My mission this weekend, beyond just getting away from the dock, was to assess the state of the edible spring plants on Cypress. I wanted to know what was coming up and what wasn’t.

I was just starting to get into my hiking groove when I looked down at the last moment to avoid stepping on a salamander. I snapped a photo and continued on my way. A hundred feet later I looked down, again, just in the nick of time to avoid stepping on another, and another, and another. Salamanders littered the trail, turning up every few hundred feet.

One thing I have always wondered at is how few I step on. Despite their perfect stillness and excellent camouflage, I almost always spot them just in the nick of time. How is that?

Young Stinging Nettles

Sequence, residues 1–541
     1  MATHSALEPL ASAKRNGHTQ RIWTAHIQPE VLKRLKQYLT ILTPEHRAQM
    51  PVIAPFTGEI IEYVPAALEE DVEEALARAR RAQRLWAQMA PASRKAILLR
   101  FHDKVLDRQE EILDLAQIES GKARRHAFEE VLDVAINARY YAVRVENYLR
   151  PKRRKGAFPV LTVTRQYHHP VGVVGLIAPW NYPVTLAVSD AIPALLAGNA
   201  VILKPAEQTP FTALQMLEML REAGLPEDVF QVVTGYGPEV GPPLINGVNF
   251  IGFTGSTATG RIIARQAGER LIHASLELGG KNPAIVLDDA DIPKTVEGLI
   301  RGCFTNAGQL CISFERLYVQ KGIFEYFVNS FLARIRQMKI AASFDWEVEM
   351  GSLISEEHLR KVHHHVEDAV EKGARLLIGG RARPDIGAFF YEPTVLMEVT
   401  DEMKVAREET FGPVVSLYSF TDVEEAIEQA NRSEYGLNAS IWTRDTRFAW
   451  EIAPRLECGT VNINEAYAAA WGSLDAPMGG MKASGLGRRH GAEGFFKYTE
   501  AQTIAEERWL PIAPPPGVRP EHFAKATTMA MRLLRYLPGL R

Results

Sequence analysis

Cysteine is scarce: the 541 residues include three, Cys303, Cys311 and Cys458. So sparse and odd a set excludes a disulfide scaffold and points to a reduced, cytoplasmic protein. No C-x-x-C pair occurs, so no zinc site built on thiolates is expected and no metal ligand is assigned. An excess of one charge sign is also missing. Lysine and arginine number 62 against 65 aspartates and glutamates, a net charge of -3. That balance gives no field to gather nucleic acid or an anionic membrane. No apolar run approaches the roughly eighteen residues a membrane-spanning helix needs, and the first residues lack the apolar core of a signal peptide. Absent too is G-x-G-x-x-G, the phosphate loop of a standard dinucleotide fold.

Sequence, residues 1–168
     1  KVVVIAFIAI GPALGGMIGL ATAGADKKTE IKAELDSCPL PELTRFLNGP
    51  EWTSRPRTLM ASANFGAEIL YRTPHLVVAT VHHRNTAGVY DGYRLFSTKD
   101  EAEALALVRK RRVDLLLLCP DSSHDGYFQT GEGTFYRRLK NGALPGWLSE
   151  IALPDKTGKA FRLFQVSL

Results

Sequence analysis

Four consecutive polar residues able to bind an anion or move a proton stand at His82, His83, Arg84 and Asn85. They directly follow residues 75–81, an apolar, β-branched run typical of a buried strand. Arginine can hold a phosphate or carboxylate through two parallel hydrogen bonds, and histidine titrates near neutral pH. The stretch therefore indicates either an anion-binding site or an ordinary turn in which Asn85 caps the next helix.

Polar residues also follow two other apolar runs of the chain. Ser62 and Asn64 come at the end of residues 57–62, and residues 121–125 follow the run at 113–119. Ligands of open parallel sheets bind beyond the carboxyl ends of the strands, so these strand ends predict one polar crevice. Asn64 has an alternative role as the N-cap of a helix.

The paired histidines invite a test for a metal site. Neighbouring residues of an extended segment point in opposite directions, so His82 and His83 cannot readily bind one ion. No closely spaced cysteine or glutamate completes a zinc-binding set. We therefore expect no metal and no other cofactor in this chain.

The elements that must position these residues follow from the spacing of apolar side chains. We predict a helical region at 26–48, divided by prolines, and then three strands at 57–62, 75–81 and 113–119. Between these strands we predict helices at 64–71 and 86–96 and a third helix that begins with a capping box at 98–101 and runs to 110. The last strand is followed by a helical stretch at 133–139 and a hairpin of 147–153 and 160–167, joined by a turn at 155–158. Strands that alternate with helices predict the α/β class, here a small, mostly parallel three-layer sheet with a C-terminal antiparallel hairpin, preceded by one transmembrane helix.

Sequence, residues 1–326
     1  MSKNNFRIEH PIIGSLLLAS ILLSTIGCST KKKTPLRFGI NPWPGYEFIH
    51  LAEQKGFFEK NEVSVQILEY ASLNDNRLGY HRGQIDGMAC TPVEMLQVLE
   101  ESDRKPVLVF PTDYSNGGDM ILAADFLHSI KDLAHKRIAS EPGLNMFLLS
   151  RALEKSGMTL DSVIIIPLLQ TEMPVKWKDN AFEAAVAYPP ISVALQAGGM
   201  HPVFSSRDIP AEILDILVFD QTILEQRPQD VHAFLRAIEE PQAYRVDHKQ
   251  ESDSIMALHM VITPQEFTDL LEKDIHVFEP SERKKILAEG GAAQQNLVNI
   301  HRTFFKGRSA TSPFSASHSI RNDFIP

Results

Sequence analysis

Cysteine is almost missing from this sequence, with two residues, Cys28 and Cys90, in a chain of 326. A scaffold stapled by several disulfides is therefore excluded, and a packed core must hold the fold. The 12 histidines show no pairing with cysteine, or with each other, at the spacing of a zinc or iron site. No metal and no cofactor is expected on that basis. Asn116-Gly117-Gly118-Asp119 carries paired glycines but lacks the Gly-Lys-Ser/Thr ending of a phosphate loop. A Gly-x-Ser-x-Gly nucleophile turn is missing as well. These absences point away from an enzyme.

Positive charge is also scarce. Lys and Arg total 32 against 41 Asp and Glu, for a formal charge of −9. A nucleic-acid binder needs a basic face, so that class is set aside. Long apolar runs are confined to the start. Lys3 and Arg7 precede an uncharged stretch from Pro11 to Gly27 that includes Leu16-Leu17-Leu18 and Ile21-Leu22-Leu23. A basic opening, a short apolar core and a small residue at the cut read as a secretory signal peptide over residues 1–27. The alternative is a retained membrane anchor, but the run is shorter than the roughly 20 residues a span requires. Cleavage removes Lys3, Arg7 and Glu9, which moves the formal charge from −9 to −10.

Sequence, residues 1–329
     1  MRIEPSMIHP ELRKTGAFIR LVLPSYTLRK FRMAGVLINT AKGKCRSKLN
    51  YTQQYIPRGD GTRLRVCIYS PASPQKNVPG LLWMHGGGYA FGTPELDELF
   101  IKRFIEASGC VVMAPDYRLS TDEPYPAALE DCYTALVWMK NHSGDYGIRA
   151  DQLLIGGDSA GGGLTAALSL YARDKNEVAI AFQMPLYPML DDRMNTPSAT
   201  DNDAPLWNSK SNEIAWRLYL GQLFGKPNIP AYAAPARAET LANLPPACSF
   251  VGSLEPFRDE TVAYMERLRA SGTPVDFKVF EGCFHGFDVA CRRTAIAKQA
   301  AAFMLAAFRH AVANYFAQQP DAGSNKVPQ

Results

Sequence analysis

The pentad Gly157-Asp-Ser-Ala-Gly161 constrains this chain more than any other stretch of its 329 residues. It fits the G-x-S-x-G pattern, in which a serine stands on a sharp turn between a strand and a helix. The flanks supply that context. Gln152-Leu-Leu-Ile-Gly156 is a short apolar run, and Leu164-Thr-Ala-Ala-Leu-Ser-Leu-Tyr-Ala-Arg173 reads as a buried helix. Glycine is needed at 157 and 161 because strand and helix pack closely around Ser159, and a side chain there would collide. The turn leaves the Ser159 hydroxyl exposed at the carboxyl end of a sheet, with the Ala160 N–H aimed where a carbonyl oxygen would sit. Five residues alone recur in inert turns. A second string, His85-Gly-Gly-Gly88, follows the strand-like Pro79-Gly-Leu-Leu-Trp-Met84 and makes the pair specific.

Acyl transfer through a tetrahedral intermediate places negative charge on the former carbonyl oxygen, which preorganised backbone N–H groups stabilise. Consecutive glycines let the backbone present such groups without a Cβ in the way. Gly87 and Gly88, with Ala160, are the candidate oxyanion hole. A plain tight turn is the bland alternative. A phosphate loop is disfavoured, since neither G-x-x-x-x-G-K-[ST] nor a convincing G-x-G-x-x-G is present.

Stinging nettles are often the first edible plants to spout in spring. The younger they are, the better they taste.

Let’s pretend for a moment that something like telepathy exists in the animal world. Now, if you were a small, slow moving creature with no obvious physical deterrence and a high risk of being stepped on, I think it would increase your evolutionary fitness to ‘telepathically’ persuade large creatures not to step on you…. or so goes my pseudo-scientific reasoning.

Funny fantasies aside, it was nice to see so many salamanders doing their thing. Amphibians are an indicator of a healthy ecosystem. When pollutants are introduced into an area or an ecosystem becomes unbalanced, amphibians are usually the first species to be effected. A healthy population is often correlated with a healthy ecosystem.


Foraging 2014

Greenling and Avocado

Kelp greenling and avocado for dinner the first night.